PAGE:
transgressive learning armyworm

Fall armyworm

 

transgressive learning banana root flour

Banana Root Flour. Relish for the ‘nsima’ prepared from the flour is always okr (‘Therere’) shown as green stuff in a plate). ‘Therere’ is slippery/jelly-like and this helps rapid swallowing since the nsima from banana flour is bitter

During the first three change laboratory sessions, it transpired that women are concerned about the neglect of some of their local knowledge practices and associated informal learning pathways due to westernization that has colonized some of their traditional farming practices. Yet, some of their local farming practices are more beneficial and cost effective than modern methods. Women wanted to learn more on how they can safeguard their local farming practices. They were also motivated to learn to address contradictions within their own local farming practices such as slow decomposition of some plant materials under the ‘kuojeka’ (plant residue incorporation) local farming system.

An example of a local farming practice facing disruption by modernity is ‘mphanje’ (Figure 4) which has multiple benefits to practitioners such as reduced labour for weeding, limited use of chemical fertilizers (that burn the soil) and a reliable coping mechanism during the hunger month of February through early maturing crops such as cucumbers. The ‘mphanje’ has existed for over 20 years in one of the villages in Domasi EPA. Ironically, the practice was only discovered through this research and extension workers working in the same area were not even aware and that is a sign of disinterest by extension workers who are influenced by modernity, in my view.

The ‘mphanje’ is informally learnt through word of mouth and observation. Although localized, ‘mphanje’ is one of the many local practices that is deeply rooted even among the youth in the area, making it a wicked problem for modernity to disfigure and unlearn.

Huge amounts of literature state that women are the change agents and main providers of farming labour but they also face some social barriers (or dragons of inaction as Gifford 2011 calls them) to effectively address climate change impacts. These barriers include refusal to use fecal or pig manure due to religious beliefs; skepticism about climate change in the Lake Chilwa Basin; discre-credence toward experts and authorities (e.g. refusing hybrid maize and sticking to local); differing use values among various stakeholders.  Some notable quotes about the above barriers are presented below:

Men posing as social barriers: ‘There was a conflict between myself and my husband when I planned to try Sasakawa, a modern farming method. He rejected me and refused to buy me fertilizer. Using own money, I bought fertilizer and applied following extension advice.  By using Sasakawa, maize yield increased from 3 to 10 bags and my husband started supporting me since then.” (Loveness Charles, one of the focus group participants). If Loveness was not determined to try sasakawa and if she followed her husband’s ‘drug-on’ motive instead, she would not have learnt about this modern method.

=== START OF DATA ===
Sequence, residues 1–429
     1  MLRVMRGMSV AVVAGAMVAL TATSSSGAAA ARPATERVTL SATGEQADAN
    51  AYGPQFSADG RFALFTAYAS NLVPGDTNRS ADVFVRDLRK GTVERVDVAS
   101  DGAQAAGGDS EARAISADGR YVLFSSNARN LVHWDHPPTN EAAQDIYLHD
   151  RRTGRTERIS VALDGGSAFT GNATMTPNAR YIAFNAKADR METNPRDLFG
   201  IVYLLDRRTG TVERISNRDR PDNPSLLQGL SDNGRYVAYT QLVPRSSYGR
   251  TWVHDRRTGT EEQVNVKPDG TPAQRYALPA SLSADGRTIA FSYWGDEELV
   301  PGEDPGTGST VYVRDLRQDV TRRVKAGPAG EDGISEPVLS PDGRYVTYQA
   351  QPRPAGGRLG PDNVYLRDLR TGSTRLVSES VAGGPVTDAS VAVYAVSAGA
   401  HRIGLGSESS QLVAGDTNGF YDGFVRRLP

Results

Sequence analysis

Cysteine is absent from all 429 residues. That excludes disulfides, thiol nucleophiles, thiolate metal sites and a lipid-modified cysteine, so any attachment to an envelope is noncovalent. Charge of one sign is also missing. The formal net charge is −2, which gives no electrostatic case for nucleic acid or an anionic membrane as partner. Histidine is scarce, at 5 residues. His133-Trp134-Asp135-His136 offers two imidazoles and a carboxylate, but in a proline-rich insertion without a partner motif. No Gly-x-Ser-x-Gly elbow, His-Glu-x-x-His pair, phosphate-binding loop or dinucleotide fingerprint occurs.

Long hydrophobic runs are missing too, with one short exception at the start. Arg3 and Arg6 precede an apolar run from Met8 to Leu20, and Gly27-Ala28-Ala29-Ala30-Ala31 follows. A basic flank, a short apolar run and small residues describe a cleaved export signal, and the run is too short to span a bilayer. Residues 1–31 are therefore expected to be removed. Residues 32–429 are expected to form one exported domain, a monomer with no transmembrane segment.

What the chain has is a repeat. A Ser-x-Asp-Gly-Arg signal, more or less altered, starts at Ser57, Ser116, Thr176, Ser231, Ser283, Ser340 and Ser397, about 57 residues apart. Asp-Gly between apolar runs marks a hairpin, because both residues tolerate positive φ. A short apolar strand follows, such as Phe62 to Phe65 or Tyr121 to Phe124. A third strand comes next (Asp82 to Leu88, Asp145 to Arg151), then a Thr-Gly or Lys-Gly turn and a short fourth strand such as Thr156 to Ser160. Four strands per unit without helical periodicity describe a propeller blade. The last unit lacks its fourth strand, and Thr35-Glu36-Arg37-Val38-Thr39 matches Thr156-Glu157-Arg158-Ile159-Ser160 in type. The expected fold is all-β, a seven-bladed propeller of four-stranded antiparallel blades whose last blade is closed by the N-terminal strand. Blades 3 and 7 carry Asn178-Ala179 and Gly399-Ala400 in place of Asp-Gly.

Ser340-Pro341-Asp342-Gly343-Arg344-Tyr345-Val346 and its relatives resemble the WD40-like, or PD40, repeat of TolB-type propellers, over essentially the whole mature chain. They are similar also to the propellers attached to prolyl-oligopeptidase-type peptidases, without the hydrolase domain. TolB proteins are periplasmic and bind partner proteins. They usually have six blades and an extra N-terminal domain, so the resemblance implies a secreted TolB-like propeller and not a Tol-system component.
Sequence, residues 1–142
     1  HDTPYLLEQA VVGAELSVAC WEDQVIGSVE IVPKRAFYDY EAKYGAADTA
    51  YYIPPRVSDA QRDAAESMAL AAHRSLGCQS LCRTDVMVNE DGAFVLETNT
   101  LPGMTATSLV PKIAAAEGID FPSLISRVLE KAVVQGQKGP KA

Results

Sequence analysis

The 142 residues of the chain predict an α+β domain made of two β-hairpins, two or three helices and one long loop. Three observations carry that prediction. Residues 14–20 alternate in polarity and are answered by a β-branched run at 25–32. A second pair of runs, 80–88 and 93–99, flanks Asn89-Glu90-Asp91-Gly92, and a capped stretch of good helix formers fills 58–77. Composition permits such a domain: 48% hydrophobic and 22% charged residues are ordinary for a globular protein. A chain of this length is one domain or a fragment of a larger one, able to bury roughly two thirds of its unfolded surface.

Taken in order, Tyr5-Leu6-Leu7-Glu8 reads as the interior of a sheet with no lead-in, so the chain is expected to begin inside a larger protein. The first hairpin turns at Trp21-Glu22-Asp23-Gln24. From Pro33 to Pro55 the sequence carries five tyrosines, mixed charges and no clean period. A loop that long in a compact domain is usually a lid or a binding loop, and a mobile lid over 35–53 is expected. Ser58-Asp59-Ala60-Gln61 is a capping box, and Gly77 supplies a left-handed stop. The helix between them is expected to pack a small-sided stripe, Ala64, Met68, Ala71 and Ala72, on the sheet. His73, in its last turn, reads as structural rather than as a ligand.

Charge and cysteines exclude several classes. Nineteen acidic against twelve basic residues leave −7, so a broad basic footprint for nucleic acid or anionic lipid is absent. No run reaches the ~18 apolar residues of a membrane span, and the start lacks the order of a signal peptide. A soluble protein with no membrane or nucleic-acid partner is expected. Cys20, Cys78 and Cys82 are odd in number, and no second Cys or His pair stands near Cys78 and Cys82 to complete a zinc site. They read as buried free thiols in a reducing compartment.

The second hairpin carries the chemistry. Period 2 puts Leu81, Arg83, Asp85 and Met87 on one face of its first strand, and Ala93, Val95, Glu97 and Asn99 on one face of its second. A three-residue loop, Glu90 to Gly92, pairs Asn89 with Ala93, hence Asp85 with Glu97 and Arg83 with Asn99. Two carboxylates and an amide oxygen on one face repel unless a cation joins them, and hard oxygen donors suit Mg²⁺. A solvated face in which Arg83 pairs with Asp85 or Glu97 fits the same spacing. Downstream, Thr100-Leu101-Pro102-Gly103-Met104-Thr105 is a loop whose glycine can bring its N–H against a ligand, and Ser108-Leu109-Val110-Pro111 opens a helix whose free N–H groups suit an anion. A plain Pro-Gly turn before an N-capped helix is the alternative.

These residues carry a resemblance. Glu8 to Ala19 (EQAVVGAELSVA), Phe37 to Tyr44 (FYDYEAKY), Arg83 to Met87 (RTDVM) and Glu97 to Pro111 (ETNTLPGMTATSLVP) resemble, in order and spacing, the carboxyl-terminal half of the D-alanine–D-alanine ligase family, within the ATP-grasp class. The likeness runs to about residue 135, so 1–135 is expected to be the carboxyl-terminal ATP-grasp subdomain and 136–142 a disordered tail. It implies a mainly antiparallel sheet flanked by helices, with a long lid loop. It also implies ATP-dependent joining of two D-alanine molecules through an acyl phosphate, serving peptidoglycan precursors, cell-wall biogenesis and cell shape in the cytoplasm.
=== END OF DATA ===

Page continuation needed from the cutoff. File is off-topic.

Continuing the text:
The women have generally tagged men as ‘wobwezeretsa m’mbuyo’ or  laggards, low risk takers in trying a new innovation.  Men only join in later Akazaona kukoma (after seeing the fruits)

About use of fecal manure: “A lot of people  laugh at me saying ‘ndine wozerezeka’ (crazy/mad) such that at first I would even do it in hiding. And I cannot collect fecal manure from other people’s pit latrines  because they will think I want to bewitch them and even use their feces for black magic” (Enifa Maiteni, one of the participants). At Nsanama Extension Planning Area, it is also believed that use of fecal manure breaks marriages. Husbands tell their wives ‘to wash your bodies before you can approach me.’ This means ‘a lot of people’ will discouraged to learn or they may even dis-learn about fecal manure as an adaptive strategy.

Scepticism about climate change: It was completely false to attribute the drying of Lake Chilwa in 2012 due to manmade global warming (Dr. John Wilson, (2014)). This may limit the possibility of understanding  climate change as a man-made phenomenon.

Differing use values among stakeholders: “Even if Lake Chilwa dries, the land could be put to good use through farming and road construction. Certain insects that attack crops would disappear once that lake dries up”  (Andrew Daudi, Head of the United Nations Millennium Villages Project in Malawi, 2012).  This thinking may trigger learning to maladapt.

Discre-credence towards experts and authorities:  ‘As of me I grow local maize in one field and hybrid maize in another field. Since I am a single woman and I fear I may not find pesticides to apply to the hybrid maize to control weevils and in that instance the local maize will provide me some food to eat’ (Rose Mulewa, 2017-one of the focus group participants).  Rose wants to maintain local maize cultivation and the learning associated with the practice.

Learning potential(s) for expanding learning that we identified with the research participants in discussion around their matters of concern.

During session 1 of the change laboratory workshops, participants watched a video regarding decision making on whether to base their planting time decisions on announcements by Department of Climate Change and Meteorological services or farmers’  own local knowledges.  After the video, researcher-interventionist (myself) posed a question—which of the two systems would you chose and why? All the 15 participants in both study sites opted for local knowledge. However, since biological indicators such as appearance of ‘nyerere’ (ants), ‘anyani’ (monkeys) and ‘mbalame’ (birds) at specific times of the year are widely used to forecast rainfall reliability and planting time, women were concerned that loss of biodiversity may lead to reduced precision on forecasts. They would like to learn more about reclaiming lost biological diversity and save their local knowledge system on rainfall forecasts.  They also  suggested integration of the two rainfall forecast systems.